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Beyond the Fruited Plain: Food and Agriculture in U.S. Literature, 1850-1905
English and Technical Communication Faculty Research & Creative Works
  • Kathryn Cornell Dolan, Missouri University of Science and Technology

Agriculture in the United States has changed dramatically in the last two hundred years. Economic transformation marked by the expansion of the industrial economy and big business has contributed to an increase in industrial food production. Amid this change, policymakers and cultural critics have debated the best way to produce food and wealth for an expanding population with imperialistic tendencies. In a sweeping overview, Beyond the Fruited Plain traces the connections between nineteenth-century literature, agriculture, and U.S. territorial and economic expansion. Bringing together theories of globalization and ecocriticism, Kathryn Cornell Dolan offers new readings on the texts of such literary figures as Herman Melville, Frank Norris, Mark Twain, Henry David Thoreau, and Harriet Beecher Stowe as they examine conflicts of food, labor, class, race, gender, and time—issues still influencing U.S. food politics today. Beyond the Fruited Plain shows how these authors use their literature to imagine agricultural alternatives to national practices and in so doing prefigure twenty-first-century concerns about globalization, resource depletion, food security, and the relation of industrial agriculture to pollution, disease, and climate change.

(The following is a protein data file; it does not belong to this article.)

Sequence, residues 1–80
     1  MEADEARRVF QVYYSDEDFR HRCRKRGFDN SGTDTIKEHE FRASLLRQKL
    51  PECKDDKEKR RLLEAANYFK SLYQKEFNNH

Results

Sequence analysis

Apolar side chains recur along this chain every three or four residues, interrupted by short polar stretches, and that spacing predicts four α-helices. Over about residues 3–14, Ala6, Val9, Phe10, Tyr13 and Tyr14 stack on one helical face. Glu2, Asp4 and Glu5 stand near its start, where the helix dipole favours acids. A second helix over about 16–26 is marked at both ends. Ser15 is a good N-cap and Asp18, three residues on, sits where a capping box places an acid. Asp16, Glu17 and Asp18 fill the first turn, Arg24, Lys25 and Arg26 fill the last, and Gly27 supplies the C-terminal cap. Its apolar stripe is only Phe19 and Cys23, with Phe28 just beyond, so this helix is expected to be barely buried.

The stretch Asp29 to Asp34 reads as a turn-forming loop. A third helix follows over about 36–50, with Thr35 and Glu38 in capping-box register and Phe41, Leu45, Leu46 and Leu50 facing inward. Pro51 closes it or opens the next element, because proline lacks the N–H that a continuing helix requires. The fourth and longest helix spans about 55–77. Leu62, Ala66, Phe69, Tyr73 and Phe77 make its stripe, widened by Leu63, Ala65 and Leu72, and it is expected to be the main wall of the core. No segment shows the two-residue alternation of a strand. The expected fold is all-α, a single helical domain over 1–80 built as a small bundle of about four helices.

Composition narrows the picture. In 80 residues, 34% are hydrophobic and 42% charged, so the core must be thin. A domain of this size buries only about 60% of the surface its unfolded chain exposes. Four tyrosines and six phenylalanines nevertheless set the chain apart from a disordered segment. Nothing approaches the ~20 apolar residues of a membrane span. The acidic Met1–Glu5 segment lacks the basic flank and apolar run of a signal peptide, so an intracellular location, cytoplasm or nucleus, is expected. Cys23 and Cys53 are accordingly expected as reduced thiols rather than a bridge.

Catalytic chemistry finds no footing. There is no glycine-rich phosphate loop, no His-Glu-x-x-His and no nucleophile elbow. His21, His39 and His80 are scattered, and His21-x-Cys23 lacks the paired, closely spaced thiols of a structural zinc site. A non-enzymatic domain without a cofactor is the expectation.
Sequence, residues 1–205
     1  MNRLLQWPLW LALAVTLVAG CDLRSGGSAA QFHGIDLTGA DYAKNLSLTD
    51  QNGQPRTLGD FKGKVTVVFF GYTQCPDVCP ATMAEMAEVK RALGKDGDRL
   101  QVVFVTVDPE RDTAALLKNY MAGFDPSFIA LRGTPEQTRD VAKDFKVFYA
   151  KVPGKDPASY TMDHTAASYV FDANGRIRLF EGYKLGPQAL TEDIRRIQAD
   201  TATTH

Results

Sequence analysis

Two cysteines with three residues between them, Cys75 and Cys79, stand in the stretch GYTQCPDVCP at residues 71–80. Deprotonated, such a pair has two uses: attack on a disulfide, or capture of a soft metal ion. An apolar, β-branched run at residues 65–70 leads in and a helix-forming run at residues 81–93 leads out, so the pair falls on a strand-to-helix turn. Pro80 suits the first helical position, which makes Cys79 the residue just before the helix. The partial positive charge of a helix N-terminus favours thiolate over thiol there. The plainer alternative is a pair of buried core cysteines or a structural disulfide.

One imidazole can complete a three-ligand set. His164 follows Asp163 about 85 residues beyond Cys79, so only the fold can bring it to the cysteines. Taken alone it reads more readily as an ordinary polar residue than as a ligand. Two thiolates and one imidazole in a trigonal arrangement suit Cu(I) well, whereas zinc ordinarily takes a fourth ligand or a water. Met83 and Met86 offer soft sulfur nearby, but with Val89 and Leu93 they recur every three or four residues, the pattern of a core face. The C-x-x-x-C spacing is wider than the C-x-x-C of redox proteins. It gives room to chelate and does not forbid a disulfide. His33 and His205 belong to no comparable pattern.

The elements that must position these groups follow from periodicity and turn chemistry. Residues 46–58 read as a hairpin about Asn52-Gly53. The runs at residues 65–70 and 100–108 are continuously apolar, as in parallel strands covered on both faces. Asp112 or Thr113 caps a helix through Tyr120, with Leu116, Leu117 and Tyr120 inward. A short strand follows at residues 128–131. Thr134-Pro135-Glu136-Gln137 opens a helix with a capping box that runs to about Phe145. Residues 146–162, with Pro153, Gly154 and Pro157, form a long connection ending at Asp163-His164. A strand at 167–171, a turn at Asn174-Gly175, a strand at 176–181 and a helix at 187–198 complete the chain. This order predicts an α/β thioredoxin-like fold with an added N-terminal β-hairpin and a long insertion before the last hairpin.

English and Technical Communication
Time Period
1850 - 1905
International Standard Book Number (ISBN)
Electronic OCLC #
Print OCLC #
Document Type
Document Version
File Type
© 2014 University of Nebraska Press, All rights reserved.
Publication Date
Citation Information
Kathryn Cornell Dolan. Beyond the Fruited Plain: Food and Agriculture in U.S. Literature, 1850-1905. (2014) p. 1 - 272
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